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Berg charged with aggravated kidnapping for tying up girlfriend

Berg charged with aggravated kidnapping for tying up girlfriend

By Pat Reavy | Posted - Nov. 14, 2011 at 12:28 p.m.



This archived news story is available only for your personal, non-commercial use. Information in the story may be outdated or superseded by additional information. Reading or replaying the story in its archived form does not constitute a republication of the story.

OREM — Prosecutors filed criminal charges Monday against an Orem plastic surgeon accused of tying up his girlfriend in a bedroom closet.

Dr. Joseph Berg, 47, was charged in 4th District Court with aggravated kidnapping, a first-degree felony, possession of a controlled substance, two counts of use of a firearm by a restricted person, all third-degree felonies, and misdemeanor assault.

On Nov. 6, Orem police received a 911 call and responded to Berg's house. When they arrived, they heard a 48-year-old woman crying and in distress. Police broke down the front door and said they found a woman with her hands and wrists taped together and tied to a dresser in the closet.

Two days after the incident, however, the woman claimed the incident was being blown out of proportion and said she was never abused.

Berg is a cosmetic surgeon who owns the Cosmetic Plastic Surgery Institute and Day Spa in Orem.

In an interview to tell his side of the story, Berg said his girlfriend had been drinking and he restrained her to prevent her from driving. The day before, however, the girlfriend said the two had been arguing. She said Berg thought she was cheating and tied her up to keep her from running away.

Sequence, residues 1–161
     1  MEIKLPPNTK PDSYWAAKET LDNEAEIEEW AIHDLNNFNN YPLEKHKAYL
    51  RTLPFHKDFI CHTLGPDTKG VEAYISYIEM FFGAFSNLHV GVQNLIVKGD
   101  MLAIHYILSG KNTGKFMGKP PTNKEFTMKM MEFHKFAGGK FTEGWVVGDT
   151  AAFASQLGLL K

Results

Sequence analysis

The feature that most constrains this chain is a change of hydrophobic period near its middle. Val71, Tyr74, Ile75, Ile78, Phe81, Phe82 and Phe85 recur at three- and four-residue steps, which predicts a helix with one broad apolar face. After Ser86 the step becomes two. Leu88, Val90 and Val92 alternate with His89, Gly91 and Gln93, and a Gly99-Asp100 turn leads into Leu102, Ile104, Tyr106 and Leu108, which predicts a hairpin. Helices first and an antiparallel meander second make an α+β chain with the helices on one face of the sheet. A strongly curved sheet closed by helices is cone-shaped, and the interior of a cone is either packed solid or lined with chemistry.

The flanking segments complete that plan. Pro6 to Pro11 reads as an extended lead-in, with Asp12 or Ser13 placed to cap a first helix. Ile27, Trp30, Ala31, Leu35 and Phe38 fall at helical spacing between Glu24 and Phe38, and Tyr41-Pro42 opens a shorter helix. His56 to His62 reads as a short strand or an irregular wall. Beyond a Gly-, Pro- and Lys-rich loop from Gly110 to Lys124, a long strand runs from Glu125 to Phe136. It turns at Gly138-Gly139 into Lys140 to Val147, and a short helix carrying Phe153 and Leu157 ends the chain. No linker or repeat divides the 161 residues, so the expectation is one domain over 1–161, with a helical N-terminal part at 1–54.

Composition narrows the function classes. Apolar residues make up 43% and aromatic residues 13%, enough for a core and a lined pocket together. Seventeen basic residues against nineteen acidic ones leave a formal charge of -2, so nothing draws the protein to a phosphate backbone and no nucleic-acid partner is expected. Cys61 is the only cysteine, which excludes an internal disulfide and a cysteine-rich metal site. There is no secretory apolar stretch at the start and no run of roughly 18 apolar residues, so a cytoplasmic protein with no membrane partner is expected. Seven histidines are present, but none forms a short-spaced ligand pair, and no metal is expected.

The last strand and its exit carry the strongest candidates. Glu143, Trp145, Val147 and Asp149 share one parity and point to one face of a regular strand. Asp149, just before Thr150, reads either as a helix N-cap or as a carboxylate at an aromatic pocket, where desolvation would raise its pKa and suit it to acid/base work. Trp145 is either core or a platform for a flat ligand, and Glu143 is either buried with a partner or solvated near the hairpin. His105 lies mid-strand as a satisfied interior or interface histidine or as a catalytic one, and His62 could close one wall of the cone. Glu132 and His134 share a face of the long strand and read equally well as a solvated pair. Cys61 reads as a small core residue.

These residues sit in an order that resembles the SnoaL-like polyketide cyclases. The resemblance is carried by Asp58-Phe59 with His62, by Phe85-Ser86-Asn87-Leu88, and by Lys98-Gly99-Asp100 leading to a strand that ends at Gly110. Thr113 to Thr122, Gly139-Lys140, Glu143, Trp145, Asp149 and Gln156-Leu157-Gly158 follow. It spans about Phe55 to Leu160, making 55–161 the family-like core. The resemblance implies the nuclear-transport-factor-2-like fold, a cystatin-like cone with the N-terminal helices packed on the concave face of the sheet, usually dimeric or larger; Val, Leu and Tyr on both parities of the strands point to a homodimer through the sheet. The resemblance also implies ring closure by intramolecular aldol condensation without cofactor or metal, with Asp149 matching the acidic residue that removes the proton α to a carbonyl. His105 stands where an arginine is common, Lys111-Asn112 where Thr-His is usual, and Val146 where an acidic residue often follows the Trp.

We've all seen stories where things like this happen where the police and the media, I know police sell information to the media. It's a big money maker. It sensationalizes getting the big bust on the famous plastic surgeon.

–Joseph Berg


The woman's friend earlier described a much darker relationship with previous threats. The doctor said that was not true and accused the media of paying her to tell that story. He also suspected the police of a similar motive.

"We've all seen stories where things like this happen where the police and the media, I know police sell information to the media. It's a big money maker. It sensationalizes getting the big bust on the famous plastic surgeon," Berg said.

As a matter of principle and policy, neither KSL nor the Deseret News would ever pay for an interview or pay police for information.

Email: preavy@ksl.com

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Pat Reavy

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